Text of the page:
While only including two in this testing, they performed as expected, with Phthalo Green creating a glossier film in all instances, even when thinned with solvent to a very fluid consistency and applied on an extremely absorbent ground. As Phthalo Green has less oil by volume than Raw Umber, this is clearly a function of pigment particle size more than anything else.

Grounds

It’s important to note that the connection between absorbent grounds and sinking-in stretches well back into the historical record, with documents recording artists bemoaning, complaining and finding fixes for grounds they felt were too absorbent. At the same time, a seemingly equal number pursued them with fervor, especially during Impressionism and other periods when a matte surface was actually prized and thought to give a more direct, brighter, and less yellowing appearance. So this is not a new issue that can be easily hung at the door of modern formulations or materials, but rather a common one known to occur with even the most traditional materials of the highest quality.

GOLDEN Acrylic Gesso (both 2 and 4 coats)

Overall, while slightly more absorbent than the various oil grounds, the word slightly needs to be emphasized. Neither application was anywhere near the extreme absorbency conjured up by so many on forums and discussion boards. That said, these tests only included our own brand, and sadly acrylic gessoes have become a category with a notoriously broad spectrum of quality and performance in the marketplace, with many being overly absorbent and even brittle due to excessive amounts of fillers and water. 

In the results, 4 coats did better than 2, feeling less absorbent and performing closer to an oil ground. However, wiping paint away was not as easy as with oil grounds, something that is frequently noted.  (Images 6 & 7)

Test Panel results for Raw Umber and Phthalo Green on Two Coats of GOLDEN Acrylic Gesso

Image 6: Raw Umber and Phthalo Green on Two Coats of GOLDEN Acrylic Gesso (Click image for higher resolution)

 

Test Panel results for Raw Umber and Phthalo Green on Four Coats of GOLDEN Acrylic Gesso

Image 7: Raw Umber and Phthalo Green on Four Coats of GOLDEN Acrylic Gesso (Click image for higher resolution)

 

GOLDEN Acrylic Ground for Pastels / GOLDEN Absorbent Ground


In feel and performance these come closest to various traditional absorbent grounds, such as chalk gesso. In all applications Raw Umber had areas that were sunken-in, especially where wiped away or thinned with solvent. It clearly did best when Stand Oil was added. Phthalo Green, on the other hand, did okay – not as well as elsewhere, but clearly able to hold onto some luster and, with added mediums, able to maintain a glossy sheen even in a thin glaze. 

Please note, while included in these tests, the Absorbent Ground Tech Sheet cautions against the use of full-bodied oil paint applications as the extremely porous surface can absorb too much binder, leaving the paint sunken in or, at worse, underbound. (Images 8 & 9)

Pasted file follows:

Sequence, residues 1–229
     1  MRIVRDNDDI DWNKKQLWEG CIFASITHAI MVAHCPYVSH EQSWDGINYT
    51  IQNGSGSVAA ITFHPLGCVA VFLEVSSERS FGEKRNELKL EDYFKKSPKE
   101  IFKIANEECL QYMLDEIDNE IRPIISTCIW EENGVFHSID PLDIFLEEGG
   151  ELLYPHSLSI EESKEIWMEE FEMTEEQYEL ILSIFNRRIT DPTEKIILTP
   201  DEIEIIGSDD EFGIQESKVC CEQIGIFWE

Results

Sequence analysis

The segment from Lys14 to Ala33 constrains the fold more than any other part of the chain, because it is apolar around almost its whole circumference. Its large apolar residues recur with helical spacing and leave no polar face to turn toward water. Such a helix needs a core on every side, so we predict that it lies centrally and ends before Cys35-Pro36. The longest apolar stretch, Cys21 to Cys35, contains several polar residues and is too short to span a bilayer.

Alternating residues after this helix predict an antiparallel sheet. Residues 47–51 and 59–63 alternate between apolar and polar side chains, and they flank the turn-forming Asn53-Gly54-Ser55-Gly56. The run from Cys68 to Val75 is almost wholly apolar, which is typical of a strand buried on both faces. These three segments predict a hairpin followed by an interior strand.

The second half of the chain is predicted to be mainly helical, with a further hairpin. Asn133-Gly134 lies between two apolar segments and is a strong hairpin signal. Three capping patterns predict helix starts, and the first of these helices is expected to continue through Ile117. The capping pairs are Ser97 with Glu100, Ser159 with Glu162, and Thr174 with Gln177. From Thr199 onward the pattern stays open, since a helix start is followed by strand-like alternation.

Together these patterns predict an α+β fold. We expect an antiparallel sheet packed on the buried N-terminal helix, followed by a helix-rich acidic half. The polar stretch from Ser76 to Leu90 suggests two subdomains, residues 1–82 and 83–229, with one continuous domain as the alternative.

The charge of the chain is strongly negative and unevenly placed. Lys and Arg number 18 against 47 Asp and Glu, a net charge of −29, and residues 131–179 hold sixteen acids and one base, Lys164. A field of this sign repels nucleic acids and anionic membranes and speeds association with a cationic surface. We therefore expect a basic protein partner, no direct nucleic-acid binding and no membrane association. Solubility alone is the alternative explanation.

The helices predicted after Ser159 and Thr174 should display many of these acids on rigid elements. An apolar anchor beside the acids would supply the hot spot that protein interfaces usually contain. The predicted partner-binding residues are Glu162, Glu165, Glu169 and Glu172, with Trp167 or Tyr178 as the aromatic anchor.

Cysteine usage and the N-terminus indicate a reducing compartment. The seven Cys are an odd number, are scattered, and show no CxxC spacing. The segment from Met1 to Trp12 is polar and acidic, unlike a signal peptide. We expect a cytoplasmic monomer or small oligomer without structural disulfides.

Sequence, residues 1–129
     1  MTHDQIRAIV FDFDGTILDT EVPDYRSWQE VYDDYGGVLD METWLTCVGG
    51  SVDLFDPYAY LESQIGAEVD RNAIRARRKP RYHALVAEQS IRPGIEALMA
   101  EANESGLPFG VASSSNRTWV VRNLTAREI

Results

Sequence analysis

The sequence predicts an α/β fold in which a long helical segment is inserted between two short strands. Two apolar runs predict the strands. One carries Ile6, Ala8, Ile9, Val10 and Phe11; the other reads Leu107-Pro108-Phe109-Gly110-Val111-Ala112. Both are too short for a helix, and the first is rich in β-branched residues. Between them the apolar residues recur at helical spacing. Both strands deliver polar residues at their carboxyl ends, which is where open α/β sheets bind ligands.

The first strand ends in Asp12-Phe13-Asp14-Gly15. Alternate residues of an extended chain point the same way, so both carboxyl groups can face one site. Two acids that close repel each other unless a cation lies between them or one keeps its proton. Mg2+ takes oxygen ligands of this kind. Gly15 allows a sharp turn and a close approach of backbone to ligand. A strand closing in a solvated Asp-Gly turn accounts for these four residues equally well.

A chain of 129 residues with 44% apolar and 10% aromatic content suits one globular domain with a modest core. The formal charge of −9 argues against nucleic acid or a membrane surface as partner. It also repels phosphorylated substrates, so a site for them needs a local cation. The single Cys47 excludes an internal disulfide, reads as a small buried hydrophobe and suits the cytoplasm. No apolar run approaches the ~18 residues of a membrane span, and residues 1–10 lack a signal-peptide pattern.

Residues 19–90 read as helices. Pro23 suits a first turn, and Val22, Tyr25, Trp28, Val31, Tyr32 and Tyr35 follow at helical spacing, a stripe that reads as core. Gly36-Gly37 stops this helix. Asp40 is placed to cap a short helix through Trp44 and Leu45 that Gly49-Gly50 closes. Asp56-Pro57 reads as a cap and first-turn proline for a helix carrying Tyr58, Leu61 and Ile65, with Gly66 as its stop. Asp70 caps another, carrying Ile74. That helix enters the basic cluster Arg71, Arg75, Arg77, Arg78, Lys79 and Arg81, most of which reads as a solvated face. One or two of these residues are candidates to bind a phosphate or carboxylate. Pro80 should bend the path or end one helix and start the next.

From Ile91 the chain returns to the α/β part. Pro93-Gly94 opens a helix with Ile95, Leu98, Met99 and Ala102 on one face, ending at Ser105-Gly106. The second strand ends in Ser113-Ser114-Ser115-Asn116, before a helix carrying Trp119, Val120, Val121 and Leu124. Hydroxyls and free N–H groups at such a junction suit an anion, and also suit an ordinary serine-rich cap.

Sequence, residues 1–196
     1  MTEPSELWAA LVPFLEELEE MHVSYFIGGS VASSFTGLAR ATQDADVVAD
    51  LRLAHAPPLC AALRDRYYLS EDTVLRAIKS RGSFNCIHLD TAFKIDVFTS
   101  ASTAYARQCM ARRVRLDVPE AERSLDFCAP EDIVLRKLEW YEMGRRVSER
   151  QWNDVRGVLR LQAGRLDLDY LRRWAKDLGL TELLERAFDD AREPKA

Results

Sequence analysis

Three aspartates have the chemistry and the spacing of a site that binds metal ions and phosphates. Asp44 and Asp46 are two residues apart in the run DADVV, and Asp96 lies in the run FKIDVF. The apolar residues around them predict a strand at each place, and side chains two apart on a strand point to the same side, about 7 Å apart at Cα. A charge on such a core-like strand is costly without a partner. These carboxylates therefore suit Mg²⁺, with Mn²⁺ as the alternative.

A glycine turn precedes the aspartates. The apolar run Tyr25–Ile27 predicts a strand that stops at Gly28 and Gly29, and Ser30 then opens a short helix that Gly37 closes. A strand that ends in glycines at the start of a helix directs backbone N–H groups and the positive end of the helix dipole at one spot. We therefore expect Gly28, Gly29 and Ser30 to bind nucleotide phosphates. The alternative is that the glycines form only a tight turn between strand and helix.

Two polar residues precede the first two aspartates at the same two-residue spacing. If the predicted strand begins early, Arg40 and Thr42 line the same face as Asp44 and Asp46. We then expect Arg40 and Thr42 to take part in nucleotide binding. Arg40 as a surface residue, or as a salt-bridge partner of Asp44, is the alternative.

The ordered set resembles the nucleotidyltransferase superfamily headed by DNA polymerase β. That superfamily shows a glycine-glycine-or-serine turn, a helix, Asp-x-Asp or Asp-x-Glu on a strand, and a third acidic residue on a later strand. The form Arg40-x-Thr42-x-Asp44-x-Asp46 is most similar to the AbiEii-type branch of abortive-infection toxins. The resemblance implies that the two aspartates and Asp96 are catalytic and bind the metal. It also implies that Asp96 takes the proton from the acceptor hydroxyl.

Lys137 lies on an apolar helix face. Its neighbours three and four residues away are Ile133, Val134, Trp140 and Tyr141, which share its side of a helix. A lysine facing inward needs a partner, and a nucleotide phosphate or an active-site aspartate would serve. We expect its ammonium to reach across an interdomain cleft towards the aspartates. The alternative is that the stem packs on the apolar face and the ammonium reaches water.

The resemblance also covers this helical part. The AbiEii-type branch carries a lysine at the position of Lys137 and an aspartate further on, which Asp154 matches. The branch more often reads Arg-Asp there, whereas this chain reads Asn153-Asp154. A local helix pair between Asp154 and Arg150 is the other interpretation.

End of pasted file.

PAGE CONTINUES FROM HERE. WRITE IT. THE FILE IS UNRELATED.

Test Panel results for Raw Umber and Phthalo Green on Three Coats of GOLDEN Absorbent Ground

Image 8: Raw Umber and Phthalo Green on Three Coats of GOLDEN Absorbent Ground (Click image for higher resolution)

 

Test Panel results for Raw Umber and Phthalo Green on Two Coats of GOLDEN Acrylic Ground for Pastels

Image 9: Raw Umber and Phthalo Green on Two Coats of GOLDEN Acrylic Ground for Pastels (Click image for higher resolution)

 

Williamsburg Lead Oil Ground, Williamsburg Titanium Oil Ground

Both performed well, with minor differences mostly related to their sheen. The glossier Titanium Oil Ground allowed for glossier paints overall, although rubbed-out and solvent-thinned applications of Raw Umber still appeared blotchy and dry when no mediums were added. Phthalo Green, on the other hand, appeared glossy on both, even in the rubbed out areas. (Images 10 & 11)

Test Panel results for Raw Umber and Phthalo Green on Two Coats of WIlliamsburg Titanium Oil Ground

Image 10: Raw Umber and Phthalo Green on Two Coats of WIlliamsburg Lead Oil Ground (Click image for higher resolution)

 

Test Panel results for Raw Umber and Phthalo Green on Two Coats of WIlliamsburg Titanium Oil Ground

Image 11: Raw Umber and Phthalo Green on Two Coats of WIlliamsburg Titanium Oil Ground  (Click image for higher resolution)

Mediums

On absorbent surfaces the Stand Oil generally did better than the more fluid alkyd medium, its thicker consistency allowing for better hold-out and resistance to soaking in. However the Stand Oil, as expected, also dried more slowly.

Solutions to the Problem

In the past it was common to deal with this problem through the use of retouch varnishes or various recipes for mediums that were applied in order to resaturate the matte areas and help with color matching when starting to paint again. Unfortunately these were often extended over the entire painting, creating issues later on for conservators as these layers would yellow badly as they aged and, in the case of varnish, grow brittle and remain sensitive to solvents. In light of that, current recommendations are much more targeted and simple.

Initial Considerations

In general, oiling out is not recommended. However, if you choose to oil out your painting we recommend you follow the steps outlined in the “Best Practices” section below. If you are finding that you frequently need to oil out your painting it is best to consider the following factors that are likely at the root of the problem:

  • Your ground may be too absorbent. Try experimenting with different grounds to see if this helps prevent your oil paints from sinking in.
  • You are adding too much solvent to your paint. Try to avoid using too much solvent or even any solvent at all.
  • You are using paint with a high pigment to binder ratio. Some paint formulations may inherently have a low concentration of binder. Try adding a touch of oil medium to your paints to help maintain sheen and body.